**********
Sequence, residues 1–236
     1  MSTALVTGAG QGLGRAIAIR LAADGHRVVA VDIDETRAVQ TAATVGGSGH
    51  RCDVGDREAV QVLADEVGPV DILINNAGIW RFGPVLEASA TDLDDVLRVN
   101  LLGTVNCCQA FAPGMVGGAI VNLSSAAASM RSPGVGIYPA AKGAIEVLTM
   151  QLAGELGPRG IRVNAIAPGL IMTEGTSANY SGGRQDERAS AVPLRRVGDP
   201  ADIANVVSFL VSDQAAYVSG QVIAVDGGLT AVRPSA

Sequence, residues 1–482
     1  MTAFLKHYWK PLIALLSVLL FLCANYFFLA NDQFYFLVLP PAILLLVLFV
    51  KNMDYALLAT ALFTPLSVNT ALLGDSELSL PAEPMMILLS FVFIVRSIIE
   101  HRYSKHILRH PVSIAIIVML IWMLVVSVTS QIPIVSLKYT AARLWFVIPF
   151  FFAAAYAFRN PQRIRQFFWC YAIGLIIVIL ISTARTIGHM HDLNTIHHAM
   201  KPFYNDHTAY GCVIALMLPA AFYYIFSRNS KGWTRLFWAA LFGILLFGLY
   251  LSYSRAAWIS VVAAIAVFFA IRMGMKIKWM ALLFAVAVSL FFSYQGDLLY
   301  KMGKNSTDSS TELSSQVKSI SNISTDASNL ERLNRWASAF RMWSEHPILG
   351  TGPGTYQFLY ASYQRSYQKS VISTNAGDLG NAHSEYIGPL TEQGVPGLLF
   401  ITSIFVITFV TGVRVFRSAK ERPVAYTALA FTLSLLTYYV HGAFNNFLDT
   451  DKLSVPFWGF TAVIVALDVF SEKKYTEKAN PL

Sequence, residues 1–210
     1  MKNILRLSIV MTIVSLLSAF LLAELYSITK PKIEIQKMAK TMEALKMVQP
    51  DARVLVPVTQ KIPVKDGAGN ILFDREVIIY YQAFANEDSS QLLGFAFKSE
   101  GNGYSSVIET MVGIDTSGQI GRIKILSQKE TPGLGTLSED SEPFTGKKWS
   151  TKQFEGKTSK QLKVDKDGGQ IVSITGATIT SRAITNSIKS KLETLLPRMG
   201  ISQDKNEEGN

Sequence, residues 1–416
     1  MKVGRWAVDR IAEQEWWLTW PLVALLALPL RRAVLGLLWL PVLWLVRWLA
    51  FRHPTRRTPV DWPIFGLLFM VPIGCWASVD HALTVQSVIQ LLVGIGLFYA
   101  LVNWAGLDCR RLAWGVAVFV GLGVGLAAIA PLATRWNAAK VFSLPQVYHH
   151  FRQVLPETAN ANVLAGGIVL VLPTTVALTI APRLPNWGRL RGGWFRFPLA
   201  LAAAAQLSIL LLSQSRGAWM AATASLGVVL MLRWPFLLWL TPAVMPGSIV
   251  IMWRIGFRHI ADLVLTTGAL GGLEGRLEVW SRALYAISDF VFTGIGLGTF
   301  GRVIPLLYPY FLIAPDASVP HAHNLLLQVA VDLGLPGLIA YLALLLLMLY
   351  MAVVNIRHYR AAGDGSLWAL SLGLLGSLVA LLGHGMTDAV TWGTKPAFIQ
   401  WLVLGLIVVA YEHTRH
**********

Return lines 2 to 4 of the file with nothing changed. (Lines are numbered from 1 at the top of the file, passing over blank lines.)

     1  MSTALVTGAG QGLGRAIAIR LAADGHRVVA VDIDETRAVQ TAATVGGSGH
    51  RCDVGDREAV QVLADEVGPV DILINNAGIW RFGPVLEASA TDLDDVLRVN
   101  LLGTVNCCQA FAPGMVGGAI VNLSSAAASM RSPGVGIYPA AKGAIEVLTM